Shad’s indirect treatment of clever male violence doesn’t naively propose that we simply abstain from violence. Shad shows-without-telling what it might be like to do something else with violent aggression. He doesn’t resort to the satisfying verbal violence of scapegoating, he turns it inwards and allows for a splitting inside himself, violence transformed into subtle imaginative diplomacy. Preaching abstinence never worked and Shad doesn’t try.
Here is what I mean. In Bob Dylan’s absolutely blazing condemnation of the emerging military-industrial complex, Masters of War, he satisfyingly succeeds in singing a lyrically humiliating account of the people responsible for the business of war. He uses the language of religion to cast a plague on the houses of everybody involved: “Like Judas of old / You lie and deceive / (That) a war can be won / You want me to believe / But I see through your eyes / And I see through your brain / Like I see through the water / That runs down my drain”. The water running down Dylan’s drain isn’t the water that nourishes Shad’s Fool.
The song moves towards the existential horror unleashed by the people he has in mind: “For threatening my baby / Both unborn and unnamed / You ain’t worth the blood / That runs through your veins”. Then it evolves into a revenge fantasy: “I hope that you die / And your death will come soon / I’ll follow your casket / On a pale afternoon / And I’ll watch while you’re lowered / Down to your deathbed / And I’ll stand over your grave till I’m sure that you’re dead”.
Shad’s song about the military-industrial complex is called The Revolution / The Establishment. He leads up to the naming of Dylan’s song with familiar grievances : “They pay the cops / They take office / They make laws / And then say, stop? / They say, war just makes war / But then they force us / When state forces all aim for us / And then they say that they’re brave warriors / And saviours / But they’re fake prophets / They make war / ‘Cause they profit / They make rockets / Sell to all sides / And it all lines they pockets / Watch ’em / Masters of War”.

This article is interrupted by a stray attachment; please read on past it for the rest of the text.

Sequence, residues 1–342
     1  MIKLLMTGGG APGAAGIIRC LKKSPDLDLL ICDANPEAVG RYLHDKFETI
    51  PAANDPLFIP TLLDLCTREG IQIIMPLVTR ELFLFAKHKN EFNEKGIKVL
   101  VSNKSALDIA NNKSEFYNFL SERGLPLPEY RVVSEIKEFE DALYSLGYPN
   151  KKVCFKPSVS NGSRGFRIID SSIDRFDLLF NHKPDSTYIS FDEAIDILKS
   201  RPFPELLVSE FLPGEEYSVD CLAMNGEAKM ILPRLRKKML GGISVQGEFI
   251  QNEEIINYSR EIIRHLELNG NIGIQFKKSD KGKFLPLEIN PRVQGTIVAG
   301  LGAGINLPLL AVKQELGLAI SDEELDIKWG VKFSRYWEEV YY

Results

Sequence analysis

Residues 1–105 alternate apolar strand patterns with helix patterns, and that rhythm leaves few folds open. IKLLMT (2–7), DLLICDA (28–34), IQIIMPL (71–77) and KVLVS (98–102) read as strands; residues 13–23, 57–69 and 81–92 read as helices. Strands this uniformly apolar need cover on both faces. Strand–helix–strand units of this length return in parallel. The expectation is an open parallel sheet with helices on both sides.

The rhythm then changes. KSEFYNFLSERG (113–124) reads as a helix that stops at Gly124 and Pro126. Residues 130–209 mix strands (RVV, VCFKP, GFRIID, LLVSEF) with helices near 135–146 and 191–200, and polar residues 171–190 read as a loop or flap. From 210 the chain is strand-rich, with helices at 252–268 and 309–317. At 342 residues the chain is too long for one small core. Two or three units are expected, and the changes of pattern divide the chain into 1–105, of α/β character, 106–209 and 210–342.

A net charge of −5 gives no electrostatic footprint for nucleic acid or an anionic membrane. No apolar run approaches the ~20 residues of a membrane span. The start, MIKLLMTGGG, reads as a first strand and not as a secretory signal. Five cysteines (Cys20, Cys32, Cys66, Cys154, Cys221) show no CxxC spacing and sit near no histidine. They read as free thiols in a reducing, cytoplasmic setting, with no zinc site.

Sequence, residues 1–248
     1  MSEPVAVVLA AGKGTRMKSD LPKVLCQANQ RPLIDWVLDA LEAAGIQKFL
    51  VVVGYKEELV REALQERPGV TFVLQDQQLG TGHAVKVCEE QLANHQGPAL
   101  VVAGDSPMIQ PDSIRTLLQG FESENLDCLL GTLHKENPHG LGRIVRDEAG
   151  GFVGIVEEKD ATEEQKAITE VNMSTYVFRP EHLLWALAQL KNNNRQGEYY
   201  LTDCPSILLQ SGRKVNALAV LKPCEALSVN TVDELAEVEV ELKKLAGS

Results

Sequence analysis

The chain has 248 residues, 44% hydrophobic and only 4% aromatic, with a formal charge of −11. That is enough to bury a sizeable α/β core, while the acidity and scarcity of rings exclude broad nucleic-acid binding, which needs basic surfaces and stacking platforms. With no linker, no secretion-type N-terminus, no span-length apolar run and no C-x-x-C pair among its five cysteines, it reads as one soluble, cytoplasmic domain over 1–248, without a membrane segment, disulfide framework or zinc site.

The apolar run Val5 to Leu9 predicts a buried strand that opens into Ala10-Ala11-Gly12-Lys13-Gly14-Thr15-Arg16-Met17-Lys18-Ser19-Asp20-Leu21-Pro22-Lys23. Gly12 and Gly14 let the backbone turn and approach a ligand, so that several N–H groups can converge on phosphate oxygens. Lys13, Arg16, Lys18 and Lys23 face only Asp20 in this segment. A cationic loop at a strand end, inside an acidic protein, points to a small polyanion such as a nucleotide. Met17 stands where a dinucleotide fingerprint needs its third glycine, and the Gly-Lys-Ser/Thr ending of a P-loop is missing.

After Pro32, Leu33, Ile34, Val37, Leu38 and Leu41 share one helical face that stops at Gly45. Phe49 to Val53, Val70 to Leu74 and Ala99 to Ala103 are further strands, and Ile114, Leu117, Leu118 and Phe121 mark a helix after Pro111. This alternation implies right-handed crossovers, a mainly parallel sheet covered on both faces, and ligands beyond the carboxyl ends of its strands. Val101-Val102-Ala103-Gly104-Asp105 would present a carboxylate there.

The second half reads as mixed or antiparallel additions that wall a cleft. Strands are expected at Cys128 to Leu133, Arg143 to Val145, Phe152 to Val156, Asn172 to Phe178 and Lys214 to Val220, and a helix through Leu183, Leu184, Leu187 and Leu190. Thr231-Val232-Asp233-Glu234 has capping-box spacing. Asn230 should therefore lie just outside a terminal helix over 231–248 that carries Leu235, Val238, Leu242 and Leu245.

But then he does something unnecessary. He resists the verbal violence, the sweet, satisfying pleasure of scapegoating. He redirects violence inwards, going Seppuku on himself and, if I’m not reading too much into his convincing psychological occupation of irreconcilable positions, creates and accepts a violent split within himself. He takes the voice of the Masters of War: “We don’t make war / We make sure that there’s order / We just fill orders / […] Listen / My job is complying with city by-laws / And minimizing innocent lives lost / […] War just provides us the chance / To supply a demand / Our stance is, we make instruments / We don’t create incidents…”
Shad’s version won’t noticeably bring about an increase in world peace. But the moral part of me prefers the disturbing non-satisfaction of his version to the thrillingly sweet rage of Dylan. A small part of me felt sympathy for the paper pushers and the data crunchers who remotely assist the horror of war. This is not a sympathetic feeling that’s easy to defend, but there it is. (Should we humanize monsters? The people who assist monsters? The friends of people who assist monsters?)
It is a violent act to turn the knife inwards, to slice yourself in two and imagine the people you despise within the space opened up by the slice. Finding poetry to describe the internal sounds of the slice provides some compensation for the externally violent satisfactions foregone. It is an act in line with currents in Christianity that Shad unquestionably embraces. Taking his kind of lyrical work as Gospel guarantees nothing for anybody, but letting the open-ended nuggets of radical faith tumble around your eardrums for a while provides an opportunity for anybody to make small advances into the territory of paralyzing cynicism, regardless of the fragility of their beliefs or the certainty of their unbelief. This is no small achievement for Shad.
Shad performs at Le Ministère tonight (Friday November 23rd). Click HERE for details.